All that said, kibble is still the lowest rung of food for your hound. If you do feed your fido kibble, make sure it’s free of grains, soy, and corn. But human-grade canned wet food like Evanger’s is much better. Many people opt for a raw diet, which can include homemade or store-bought and frozen or dehydrated food options. Brands like Primal, Instinct, and Smallbatch offer high-level, low-carb, frozen raw food your lovable pet will love. Raw food offers nutrient-rich meat that’s “filled” with fruits and vegetables instead of grain or rice. The meat is usually ground bone and muscle or organ meat, which is the best for your dog and what they’d likely eat if they were hunting in the wild. It’s crazy to think our fluffy pals may have been ruthless hunters in another life, but it’s a good way to think about what foods are truly best for them! You can also get food mix or dehydrated foods, which tend to be more expensive but are great for traveling. One thing to keep in mind with raw food is that chicken is a common dog allergen. It’s best to opt for pork, turkey, lean beef, and fish.
The highest possible healthy and nutrient-rich food you can give to your dog is … well, food. You can give your dog any number of fresh “human” foods like lean meat, fish, dairy, like eggs and yogurt (and some cheeses in moderation), and even some fruit. Taking this route to feed your pet doesn’t always mean spending hours in the kitchen prepping or cooking, although a fully homemade fresh diet is demanding. You can get great store-bought fresh foods like Ollie, which has no fillers or byproducts, or you can just make “a little extra” for your four-legged friend. Cooking fresh foods doesn’t have to be a full-time job; a fresh meal here and there can still do wonders for your pet’s health and overall well-being and leave them begging for more.
Finally, the secret, critically important ingredient in any animal’s life is exercise. You can feed your pet the best food in the world and it won’t do the work by itself. Dogs need everyday exercise, from a walk or a run to a day at the park. Eugene Plotkin recommends, especially for city-dwellers, joining a doggy meet-up group, and getting out every third weekend or so if you can. “I take Cooper outside the city to really get the exercise he needs,” he says. “We like to camp, meet up with friends who also have dogs, and let him run around as much as he wants. He loves it.”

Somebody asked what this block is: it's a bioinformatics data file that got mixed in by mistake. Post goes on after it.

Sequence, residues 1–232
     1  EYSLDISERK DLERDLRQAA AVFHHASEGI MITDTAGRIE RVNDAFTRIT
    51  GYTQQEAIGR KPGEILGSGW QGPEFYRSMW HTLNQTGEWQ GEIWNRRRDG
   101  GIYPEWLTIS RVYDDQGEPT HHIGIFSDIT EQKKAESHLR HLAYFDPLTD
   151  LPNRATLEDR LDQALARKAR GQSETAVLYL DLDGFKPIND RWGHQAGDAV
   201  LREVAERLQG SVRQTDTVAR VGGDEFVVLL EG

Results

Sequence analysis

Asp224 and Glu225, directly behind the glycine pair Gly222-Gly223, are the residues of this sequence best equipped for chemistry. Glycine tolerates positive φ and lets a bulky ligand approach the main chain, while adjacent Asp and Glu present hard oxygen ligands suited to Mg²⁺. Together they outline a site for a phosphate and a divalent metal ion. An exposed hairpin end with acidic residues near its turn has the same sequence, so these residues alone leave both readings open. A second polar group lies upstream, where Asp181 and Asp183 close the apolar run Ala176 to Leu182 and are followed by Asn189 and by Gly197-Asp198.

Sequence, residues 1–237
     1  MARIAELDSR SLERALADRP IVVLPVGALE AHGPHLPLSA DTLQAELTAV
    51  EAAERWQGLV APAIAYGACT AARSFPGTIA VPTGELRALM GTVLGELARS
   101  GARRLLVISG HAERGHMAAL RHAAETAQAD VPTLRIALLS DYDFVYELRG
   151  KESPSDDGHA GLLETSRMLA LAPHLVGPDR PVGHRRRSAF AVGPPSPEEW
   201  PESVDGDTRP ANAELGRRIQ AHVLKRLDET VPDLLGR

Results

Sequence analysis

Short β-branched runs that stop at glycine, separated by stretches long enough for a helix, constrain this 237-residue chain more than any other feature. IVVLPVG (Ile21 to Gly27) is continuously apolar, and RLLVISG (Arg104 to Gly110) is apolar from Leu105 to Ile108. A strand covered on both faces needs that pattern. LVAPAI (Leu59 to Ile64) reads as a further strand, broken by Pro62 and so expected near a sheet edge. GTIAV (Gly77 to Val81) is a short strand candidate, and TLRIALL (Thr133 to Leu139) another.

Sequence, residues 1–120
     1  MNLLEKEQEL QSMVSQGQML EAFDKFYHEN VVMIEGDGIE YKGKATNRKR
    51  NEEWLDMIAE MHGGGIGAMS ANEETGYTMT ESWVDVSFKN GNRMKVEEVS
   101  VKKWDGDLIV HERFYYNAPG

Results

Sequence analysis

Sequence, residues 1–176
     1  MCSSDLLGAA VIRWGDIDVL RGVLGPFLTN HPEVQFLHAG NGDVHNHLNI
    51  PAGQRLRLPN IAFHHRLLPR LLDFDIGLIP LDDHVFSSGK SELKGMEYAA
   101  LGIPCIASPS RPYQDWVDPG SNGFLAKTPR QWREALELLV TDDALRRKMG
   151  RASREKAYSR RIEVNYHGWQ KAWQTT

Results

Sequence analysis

With the right diet, whether it’s any combination of dry, wet, and raw foods that fits your pet’s needs and your lifestyle best, and a good dose of daily exercise, both you and your tail-wagger will be happier and healthier. Keep in mind that not every pup is built the same. Always consult your veterinarian about trying new foods, and keep your dog’s age, weight, allergies, and energy level in mind. Even if you’ve been feeding your dog one of the top kibble brands for years, maybe it’s time to reassess and update your dog’s diet. You might be giving them the upgrade of a lifetime!
Eugene Plotkin is a Russian-born, Harvard-educated finance, business, and technology professional. Plotkin started as a Wall Street investment banker at Goldman Sachs and then later, Melvin Capital. During his time at Melvin Capital, he realized his passion for new technology — more specifically, for financial technologies (fintech). Today, Eugene Plotkin is a consultant for fintech startups as well as being the CEO of TechWallet, a startup he helped found. Eugene Plotkin has a special passion for helping as many people use technology to understand and organize their finances as possible. He believes technology should directly benefit its users and that fintech has the potential for exponential benefit.